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TUC votes for day of action against Trade Union Bill

The TUC is holding its conference in Brighton. Credit: PA

The TUC Congress has voted to hold a co-ordinated day of national action against the Trade Union Bill.

The bill, which would tighten rules on strike ballots in Britain, passed its first major parliamentary hurdle on Monday when MPs passed it by 33 votes at the second reading stage.

Unite leader Len McCluskey told the conference in Brighton that his union will oppose the bill using "any means necessary" to defend the democratic rights and freedoms of workers.

He said: "This Prime Minister seeks to paint the millions of trade unionists and their families as 'the enemy within', with a Tory party drunk on class prejudice, intent on destroying this movement as a force in British life."

If made law, the bill would introduce a new 50% threshold on participation in strike ballots, as well as changes requiring picketers to give their names to police.

TUC: Volunteer days could be used at union activities

A union has welcomed Conservative plans to give emplyess three days paid leave to take part in voluntary wor.

The TUC said that members would be able to use the time to get more involved in their union.

The TUC has long called for a Community Day Bank Holiday to encourage volunteering and community engagement. We therefore welcome any move that makes employers recognise the benefits of volunteering and social action.

Trade unions are the UK's biggest voluntary groups. This new right will give every union member a guaranteed three days for time off to get involved with union activities.

– Frances O'Grady, TUC general secretary

Union: 'We have the highest rail fares in Europe'

At a TUC demonstration outside King's Cross, Manuel Cortes, leader of the TSSA transport union, said:

Wage rises are just not keeping up with fare rises. We have the highest fares in Europe.

People are forking out a large slice of their disposable income on fares.

Also, we are not encouraging the turn-up-and-go-railway because if you pay on the day the ticket price is very high.

– Mick Whelan, general secretary of train drivers' union Aslef

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Union: Tribunal fees 'are victory for UK's worst bosses'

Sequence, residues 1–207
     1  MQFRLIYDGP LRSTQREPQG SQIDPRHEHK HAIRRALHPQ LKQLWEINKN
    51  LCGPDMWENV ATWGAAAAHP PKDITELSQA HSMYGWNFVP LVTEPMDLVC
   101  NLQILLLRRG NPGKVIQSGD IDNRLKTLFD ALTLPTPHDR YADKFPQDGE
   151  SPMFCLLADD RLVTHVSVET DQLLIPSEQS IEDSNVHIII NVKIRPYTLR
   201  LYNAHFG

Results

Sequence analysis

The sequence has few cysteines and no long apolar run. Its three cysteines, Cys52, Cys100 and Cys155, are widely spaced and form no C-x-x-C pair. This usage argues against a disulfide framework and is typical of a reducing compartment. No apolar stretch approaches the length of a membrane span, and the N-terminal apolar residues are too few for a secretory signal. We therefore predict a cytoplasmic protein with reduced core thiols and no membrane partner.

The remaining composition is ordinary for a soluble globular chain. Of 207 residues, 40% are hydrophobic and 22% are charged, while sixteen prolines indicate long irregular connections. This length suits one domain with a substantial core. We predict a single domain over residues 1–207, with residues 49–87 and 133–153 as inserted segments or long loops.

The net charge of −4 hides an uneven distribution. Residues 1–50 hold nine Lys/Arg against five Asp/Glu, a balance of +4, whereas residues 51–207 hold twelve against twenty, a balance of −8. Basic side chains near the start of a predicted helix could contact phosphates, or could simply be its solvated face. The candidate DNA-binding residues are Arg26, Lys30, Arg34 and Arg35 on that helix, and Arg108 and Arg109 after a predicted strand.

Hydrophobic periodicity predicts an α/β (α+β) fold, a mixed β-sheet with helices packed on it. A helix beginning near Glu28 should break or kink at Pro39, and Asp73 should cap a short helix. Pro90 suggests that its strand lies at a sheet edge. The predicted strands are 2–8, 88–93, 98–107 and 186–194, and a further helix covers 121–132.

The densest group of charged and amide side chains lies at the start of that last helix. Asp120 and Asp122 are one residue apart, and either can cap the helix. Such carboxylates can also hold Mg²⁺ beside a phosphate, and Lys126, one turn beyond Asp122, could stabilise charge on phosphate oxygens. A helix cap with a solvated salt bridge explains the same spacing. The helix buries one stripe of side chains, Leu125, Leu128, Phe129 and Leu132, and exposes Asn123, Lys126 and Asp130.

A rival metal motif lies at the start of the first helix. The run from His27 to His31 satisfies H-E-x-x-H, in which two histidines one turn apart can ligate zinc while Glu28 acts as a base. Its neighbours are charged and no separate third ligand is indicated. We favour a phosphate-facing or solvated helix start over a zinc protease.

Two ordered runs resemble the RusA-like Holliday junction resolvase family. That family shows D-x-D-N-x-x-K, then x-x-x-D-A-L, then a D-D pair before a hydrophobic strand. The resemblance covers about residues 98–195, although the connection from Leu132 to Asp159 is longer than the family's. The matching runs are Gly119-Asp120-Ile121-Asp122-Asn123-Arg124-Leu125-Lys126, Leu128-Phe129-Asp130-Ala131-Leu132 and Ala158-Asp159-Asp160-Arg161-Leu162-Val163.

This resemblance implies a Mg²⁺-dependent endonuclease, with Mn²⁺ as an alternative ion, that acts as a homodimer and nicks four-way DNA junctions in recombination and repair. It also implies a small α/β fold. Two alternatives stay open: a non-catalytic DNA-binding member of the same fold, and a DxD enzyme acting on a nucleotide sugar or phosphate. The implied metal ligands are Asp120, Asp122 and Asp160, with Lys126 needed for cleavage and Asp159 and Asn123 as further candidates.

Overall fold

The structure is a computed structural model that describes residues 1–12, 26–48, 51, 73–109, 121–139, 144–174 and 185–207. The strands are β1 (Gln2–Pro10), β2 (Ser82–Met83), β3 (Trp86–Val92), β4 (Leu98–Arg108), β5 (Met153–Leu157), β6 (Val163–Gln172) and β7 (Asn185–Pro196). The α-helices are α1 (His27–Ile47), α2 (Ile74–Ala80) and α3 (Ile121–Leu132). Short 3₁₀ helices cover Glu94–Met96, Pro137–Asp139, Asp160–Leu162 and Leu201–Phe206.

TUC general secretary Frances O'Grady said:

Employment tribunal fees have been a huge victory for Britain's worst bosses.

By charging up-front fees for harassment and abuse claims the Government has made it easier for bad employers to get away with the most appalling behaviour.

Tribunal fees are part of a wider campaign to get rid of workers' basic rights. The consequence has been to price low-paid and vulnerable people out of justice.

– Frances O'Grady

Employment tribunal fees see claims drop 80%

Introducing fees for employment tribunals has been a "huge victory" for the country's worst bosses and has led to a collapse in the number of claims, according to a new report.

The TUC said women and low-paid workers had been worst affected since the Government brought in fees of up to £1,200 last year.

The total number of claims had fallen by 79%, but there had been an 80% cut in sex discrimination claims, while cases of unpaid wages and holiday pay were down by 85%, a study found.

TUC boss Frances O'Grady said the introduction of tribunal fees were a victory for bad bosses. Credit: PA

Unions say strike action will continue until election

Union leaders have warned the Government that industrial action will continue into next year.

At a huge rally in Trafalgar Square, unions made it clear the action would stretch to the run-up to the general election.

Matt Wrack, leader of the Fire Brigades Union, said more strikes should be held "soon."

"What we see today is an inkling of the power that rests in the hands of working people," he said.

Unions said more than a million people turned out to support today's strike. Credit: PA

"We have a government destroying our public services and wrecking the lives of public servants. This is our 15th strike, and we are not giving up. There is no mood to surrender, but there is a mood to continue the fight."

National Union of Teachers general secretary Christine Blower said: "I've been getting messages from people saying that they are more determined now than they were in the past to take action."

The Department for Education said there is "no justification" for further strikes.

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